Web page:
Last mission to repair the Hubble telescope Hubble space telescope discoveries have enriched our understanding of the cosmos. In this special report, you will see facts about the Hubble space telescope, discoveries it has made and what the last mission's goals are.
For their own good
Fifty years ago, they were screwed-up kids sent to the Florida School for Boys to be straightened out. But now they are screwed-up men, scarred by the whippings they endured. Read the story and see a video and portrait gallery.
Fill out this form to email this article to a friend
Cultures clash, but gingerly
Gay protesters of the Family Impact Summit at Bell Shoals are greeted by praying churchgoers.
By S.I. ROSENBAUM, Times Staff Writer
Published September 21, 2007
BRANDON - Outside Bell Shoals Baptist Church, protesters held signs reading "GOD LOVES ME AS I AM" and "QUEERLY DIVINE AND DOING FINE."
Harold Brockus, a pastor from Pinellas Park, addressed church members who had gathered Thursday afternoon to watch and pray for the protesters.
"Please," he said, "Please, give up your war against gays."
Bell Shoals was about to kick off its first-ever Family Impact Summit. The event, which runs today and Saturday, will feature some of the Christian Right's biggest names and offer workshops on "The Homosexual Agenda" and "Homosexuality and Youth."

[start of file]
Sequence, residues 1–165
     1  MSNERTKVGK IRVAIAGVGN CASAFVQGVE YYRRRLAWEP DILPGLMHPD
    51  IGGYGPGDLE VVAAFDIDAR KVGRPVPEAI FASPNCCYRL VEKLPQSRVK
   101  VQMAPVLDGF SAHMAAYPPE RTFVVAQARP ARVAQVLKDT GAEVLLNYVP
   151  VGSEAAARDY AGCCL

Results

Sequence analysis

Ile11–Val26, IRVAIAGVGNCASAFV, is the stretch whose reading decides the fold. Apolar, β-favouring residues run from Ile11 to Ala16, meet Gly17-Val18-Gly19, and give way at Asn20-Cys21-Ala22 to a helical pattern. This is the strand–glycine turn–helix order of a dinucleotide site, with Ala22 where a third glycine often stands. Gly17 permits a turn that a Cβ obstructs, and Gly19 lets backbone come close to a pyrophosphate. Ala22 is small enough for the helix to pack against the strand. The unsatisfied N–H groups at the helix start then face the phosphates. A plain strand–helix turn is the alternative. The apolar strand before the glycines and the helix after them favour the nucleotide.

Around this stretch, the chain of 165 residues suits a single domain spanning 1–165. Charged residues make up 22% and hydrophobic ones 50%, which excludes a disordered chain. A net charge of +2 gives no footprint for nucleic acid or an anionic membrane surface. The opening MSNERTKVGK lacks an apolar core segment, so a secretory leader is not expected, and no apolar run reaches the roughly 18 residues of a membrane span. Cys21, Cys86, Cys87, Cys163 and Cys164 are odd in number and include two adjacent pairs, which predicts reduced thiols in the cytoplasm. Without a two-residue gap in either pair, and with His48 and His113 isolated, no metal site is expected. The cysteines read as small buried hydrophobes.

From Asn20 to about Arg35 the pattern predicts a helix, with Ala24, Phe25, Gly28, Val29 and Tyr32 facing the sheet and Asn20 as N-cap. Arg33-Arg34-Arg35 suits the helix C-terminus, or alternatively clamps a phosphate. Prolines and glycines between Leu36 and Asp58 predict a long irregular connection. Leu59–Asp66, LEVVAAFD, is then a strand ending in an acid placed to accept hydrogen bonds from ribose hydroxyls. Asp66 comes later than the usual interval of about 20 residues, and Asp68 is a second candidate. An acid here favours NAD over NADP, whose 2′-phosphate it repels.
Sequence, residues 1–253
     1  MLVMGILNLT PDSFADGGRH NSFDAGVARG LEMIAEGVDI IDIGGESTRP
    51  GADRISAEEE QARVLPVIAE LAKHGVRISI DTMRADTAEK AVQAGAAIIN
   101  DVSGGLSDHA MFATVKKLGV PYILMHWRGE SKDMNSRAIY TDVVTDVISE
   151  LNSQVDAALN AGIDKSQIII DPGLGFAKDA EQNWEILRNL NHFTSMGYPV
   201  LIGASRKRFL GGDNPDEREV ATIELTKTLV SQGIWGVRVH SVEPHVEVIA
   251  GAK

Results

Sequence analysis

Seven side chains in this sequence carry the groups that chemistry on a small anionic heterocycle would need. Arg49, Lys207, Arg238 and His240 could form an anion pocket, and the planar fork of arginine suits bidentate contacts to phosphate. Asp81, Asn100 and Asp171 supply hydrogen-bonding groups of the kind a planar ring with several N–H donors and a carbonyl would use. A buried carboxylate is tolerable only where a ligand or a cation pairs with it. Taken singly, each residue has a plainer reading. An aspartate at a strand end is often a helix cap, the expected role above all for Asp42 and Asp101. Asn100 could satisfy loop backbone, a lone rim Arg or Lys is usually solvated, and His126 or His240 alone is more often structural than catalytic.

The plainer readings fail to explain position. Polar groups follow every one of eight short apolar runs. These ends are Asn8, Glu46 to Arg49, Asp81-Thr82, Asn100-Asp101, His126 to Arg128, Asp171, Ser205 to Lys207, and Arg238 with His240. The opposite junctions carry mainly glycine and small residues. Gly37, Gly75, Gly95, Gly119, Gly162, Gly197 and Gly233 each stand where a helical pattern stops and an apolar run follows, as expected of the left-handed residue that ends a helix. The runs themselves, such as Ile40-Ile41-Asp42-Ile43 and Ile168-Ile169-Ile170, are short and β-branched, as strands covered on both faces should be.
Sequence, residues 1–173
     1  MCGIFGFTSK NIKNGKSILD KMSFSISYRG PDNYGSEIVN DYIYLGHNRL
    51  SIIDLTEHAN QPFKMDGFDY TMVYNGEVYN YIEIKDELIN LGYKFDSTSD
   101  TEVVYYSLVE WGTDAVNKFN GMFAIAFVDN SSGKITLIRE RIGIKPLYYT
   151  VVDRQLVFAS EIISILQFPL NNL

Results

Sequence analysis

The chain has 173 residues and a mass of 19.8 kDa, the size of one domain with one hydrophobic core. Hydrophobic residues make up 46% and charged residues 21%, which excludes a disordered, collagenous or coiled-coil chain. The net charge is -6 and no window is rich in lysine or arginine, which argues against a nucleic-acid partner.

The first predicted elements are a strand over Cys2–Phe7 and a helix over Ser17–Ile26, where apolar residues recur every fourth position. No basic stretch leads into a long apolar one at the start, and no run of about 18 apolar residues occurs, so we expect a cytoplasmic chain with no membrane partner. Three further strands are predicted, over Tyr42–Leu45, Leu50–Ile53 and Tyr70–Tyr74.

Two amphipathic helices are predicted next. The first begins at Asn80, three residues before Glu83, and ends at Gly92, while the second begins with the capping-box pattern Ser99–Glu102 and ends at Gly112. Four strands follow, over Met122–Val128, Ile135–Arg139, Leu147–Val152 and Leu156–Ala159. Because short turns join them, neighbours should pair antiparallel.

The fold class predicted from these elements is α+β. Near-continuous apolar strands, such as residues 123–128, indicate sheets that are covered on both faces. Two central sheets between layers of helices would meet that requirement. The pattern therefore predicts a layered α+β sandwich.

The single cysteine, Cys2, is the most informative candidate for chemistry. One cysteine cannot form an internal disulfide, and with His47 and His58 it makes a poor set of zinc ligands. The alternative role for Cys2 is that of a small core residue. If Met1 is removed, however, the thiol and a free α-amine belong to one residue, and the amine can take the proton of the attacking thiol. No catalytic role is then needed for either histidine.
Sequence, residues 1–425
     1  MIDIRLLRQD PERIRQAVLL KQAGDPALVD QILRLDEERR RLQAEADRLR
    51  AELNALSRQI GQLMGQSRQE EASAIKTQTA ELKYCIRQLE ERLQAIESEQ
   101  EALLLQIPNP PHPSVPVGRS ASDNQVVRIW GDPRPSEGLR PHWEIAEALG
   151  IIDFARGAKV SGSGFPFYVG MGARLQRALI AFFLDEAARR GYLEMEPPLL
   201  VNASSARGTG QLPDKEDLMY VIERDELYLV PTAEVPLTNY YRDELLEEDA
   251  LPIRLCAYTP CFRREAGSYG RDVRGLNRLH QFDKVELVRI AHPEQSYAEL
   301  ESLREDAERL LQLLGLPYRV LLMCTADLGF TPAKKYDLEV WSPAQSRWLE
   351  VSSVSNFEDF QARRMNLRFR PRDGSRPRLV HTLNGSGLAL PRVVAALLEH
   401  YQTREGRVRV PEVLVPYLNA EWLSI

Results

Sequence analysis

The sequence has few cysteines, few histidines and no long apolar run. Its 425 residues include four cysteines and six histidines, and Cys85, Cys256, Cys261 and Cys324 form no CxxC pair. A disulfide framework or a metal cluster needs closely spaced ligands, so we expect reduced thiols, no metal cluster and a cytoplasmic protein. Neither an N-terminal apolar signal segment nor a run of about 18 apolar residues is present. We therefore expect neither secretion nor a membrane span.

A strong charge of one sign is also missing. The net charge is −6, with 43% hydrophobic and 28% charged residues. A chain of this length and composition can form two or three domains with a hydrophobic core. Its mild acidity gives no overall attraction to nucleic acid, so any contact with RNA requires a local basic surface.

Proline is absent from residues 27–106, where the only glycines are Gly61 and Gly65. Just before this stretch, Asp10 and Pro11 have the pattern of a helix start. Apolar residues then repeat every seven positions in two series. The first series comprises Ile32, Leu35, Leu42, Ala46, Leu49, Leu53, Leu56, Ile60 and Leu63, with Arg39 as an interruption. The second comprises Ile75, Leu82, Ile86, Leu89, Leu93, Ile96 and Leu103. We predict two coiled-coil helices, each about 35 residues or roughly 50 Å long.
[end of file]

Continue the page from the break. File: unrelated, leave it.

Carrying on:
Protesters called it a "hate summit." Preaching against homosexuality encourages bigotry, they said.
"Mindless hatred comes from a basis of fear," said speaker Barbara Leavitt of Naples. "People want to change gays from who they are to someone they can understand, who they won't fear. That is not right."
Over on the church steps, Kim Jackson sat with her eyes closed, praying.
"I want them to know we don't hate them," she said.
Like the dozen of other church members present, she said she believes gays are in danger of damnation.
"If my child were playing in the street," she said, "I would still have to rescue that child, even though he's having the time of his life."
Michael Freincle, a 20-year-old gay activist from Brandon, said he saw things differently.
"They have blinders on," he said of the church members. "They can only see God in front of them, not the dead people on either side."
As the demonstration wrapped up, Bell Shoals Pastor Forrest Pollock asked Nadine Smith, director of Equality Florida, if he could use the protesters' microphone to respond to them.
"I'll give you access to this microphone if you give me access to the one inside [the church]," she said. The crowd of about 75 cheered.
"Right now?" Pollock said. "Okay!"
When Smith did a double take, he added, "There's no one in there right now."
Smith decided to close the protest with a song: This Little Light of Mine. The protesters joined hands and sang. Many of the church members sang along with them.
The protest done, Smith let Pollock take the microphone.
"I want you all to know we welcome you," he said, as the protesters started to drift away. "Judge not lest ye be judged."